Once you have found all the clues, the pen will automatically start glowing in the correct location and you can draw a ring around the area you want to reach through to the past. The "life" bar at the top indicates how many times you can open a portal, and when that is drained, it is game over. I have never ran out of life, not even close, as you can recharge your life by finding Sox (Ethan's cat) around the neighbourhood.
What I do like about this game is the comic book style replay of events and the short movie clips (thankfully voiced) that are shown. This animates the game and makes the story so much more enjoyable to watch. I really like the story and the deja vu element, but as a game it just doesn't work. It is too linear and boring to play. My only motivation was to find the ending!
Speaking about endings, it was not substantial at all. The short ending is unjustified after so much hard work playing it. I don't want to spoil it but it was vague and I wish they'd just made it so that something happens beyond returning to normality!
NOTE: there is a slightly different ending after you've finished the whole game which is interesting to watch, although it doesn't warrant another play through. I advise you find a FAQ, as it can be done within five minutes of the second play through.
~~~CONTROLS AND DIFFICULTY~~~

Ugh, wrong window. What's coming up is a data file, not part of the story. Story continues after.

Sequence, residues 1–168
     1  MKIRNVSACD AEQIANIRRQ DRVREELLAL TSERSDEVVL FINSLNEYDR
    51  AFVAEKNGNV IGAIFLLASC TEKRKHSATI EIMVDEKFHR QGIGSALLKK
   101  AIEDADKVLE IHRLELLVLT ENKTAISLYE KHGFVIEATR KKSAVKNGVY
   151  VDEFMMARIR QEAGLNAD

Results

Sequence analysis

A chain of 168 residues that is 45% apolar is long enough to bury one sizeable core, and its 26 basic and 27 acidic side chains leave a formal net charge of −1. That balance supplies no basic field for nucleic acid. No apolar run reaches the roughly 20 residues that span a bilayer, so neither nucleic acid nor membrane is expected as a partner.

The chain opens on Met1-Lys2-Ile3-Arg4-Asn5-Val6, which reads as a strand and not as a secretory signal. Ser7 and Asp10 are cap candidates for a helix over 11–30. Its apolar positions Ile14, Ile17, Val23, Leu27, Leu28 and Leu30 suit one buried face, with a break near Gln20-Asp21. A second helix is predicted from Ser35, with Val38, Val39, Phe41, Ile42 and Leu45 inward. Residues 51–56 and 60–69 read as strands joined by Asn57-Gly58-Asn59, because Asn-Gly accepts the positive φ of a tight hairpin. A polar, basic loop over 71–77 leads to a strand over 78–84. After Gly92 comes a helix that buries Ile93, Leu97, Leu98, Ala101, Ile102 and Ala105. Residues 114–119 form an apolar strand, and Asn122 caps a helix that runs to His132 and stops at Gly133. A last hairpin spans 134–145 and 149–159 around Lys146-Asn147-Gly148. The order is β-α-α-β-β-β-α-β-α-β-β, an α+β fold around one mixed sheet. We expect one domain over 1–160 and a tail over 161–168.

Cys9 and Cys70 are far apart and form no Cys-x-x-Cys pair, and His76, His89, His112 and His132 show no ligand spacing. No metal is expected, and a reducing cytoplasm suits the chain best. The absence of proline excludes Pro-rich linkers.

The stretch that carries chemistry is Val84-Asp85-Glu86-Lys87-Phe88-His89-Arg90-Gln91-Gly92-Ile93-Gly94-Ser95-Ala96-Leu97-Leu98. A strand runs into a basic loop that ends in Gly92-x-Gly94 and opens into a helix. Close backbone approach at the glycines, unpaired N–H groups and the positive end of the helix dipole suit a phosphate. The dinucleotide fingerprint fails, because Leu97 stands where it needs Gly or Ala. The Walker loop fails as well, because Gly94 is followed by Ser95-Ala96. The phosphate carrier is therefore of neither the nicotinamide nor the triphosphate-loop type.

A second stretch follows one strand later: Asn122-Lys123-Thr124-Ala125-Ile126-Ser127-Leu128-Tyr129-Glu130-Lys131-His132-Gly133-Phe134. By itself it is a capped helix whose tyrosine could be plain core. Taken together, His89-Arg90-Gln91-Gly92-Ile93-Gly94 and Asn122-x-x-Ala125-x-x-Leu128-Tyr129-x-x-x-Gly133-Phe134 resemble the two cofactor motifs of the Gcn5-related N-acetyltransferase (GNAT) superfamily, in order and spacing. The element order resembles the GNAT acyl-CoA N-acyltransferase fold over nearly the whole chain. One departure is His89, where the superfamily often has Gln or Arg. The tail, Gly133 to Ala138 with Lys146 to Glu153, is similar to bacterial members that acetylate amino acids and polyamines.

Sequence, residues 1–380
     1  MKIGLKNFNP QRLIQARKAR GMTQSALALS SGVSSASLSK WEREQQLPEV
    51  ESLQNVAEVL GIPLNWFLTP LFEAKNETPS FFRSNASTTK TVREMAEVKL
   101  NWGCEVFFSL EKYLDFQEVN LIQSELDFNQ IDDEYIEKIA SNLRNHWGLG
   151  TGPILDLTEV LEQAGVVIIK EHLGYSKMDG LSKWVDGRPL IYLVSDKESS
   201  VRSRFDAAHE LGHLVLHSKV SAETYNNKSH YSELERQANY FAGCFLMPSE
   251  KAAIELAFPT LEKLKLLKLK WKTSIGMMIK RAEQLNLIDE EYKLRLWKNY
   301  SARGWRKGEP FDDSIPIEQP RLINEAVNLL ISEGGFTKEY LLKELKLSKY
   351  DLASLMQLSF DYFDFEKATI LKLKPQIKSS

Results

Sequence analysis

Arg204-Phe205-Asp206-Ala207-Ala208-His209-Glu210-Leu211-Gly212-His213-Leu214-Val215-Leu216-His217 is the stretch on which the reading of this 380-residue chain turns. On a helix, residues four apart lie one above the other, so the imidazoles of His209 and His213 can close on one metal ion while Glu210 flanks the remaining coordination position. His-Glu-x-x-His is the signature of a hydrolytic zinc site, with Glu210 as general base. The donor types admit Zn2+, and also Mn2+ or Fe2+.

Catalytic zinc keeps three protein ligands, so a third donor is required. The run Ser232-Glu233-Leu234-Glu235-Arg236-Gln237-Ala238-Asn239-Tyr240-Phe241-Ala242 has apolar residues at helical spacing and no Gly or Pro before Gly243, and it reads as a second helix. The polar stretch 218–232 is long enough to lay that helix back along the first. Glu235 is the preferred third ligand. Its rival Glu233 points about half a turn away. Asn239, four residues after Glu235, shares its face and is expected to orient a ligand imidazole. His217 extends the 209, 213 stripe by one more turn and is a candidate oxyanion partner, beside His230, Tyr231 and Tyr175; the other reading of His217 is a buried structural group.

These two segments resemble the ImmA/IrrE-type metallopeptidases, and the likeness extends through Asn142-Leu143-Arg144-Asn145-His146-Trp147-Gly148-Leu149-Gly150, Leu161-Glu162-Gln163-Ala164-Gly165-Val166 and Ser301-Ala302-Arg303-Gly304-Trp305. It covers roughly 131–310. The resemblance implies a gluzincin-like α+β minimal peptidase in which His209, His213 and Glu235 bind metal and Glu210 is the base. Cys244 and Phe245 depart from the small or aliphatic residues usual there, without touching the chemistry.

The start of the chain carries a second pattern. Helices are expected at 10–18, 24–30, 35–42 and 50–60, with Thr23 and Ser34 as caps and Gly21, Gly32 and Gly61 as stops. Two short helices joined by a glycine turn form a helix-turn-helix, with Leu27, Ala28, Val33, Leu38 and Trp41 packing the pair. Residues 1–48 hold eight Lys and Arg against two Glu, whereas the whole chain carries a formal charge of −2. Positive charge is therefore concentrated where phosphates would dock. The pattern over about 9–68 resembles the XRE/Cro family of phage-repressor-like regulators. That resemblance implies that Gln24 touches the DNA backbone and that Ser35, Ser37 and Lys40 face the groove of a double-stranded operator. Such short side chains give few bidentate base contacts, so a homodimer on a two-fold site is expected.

The game can be controlled by the D-pad and buttons or using the stylus. I prefer using the stylus as it is so much smoother and easier to control.
As the game is so linear, I finished the game within a few days, playing sparsely. This can most likely be completed within 5-10 hours.
~~~GRAPHICS AND SOUND~~~
The anime style drawings of the game are nice and the movie scenes are relayed very well. I just wish there was more of them!! The opening sequence is fantastic and very engrossing. I love the song!!! The music throughout is nothing special, but can be listened to. It adds a slight mysticism but nothing amazing.
This isn't a game. It is an engrossing story that uses game elements for the story to be slowly revealed. It is done in a very un-gamely way which turns out to be a short, linear and boring game. The story however, is deep, engrossing and absolutely fantastic. It has great potential, but the characters lacked depth, the history of the pen was non-existent and the freedom to roam lacking. If only they used the money on the game to make a movie instead.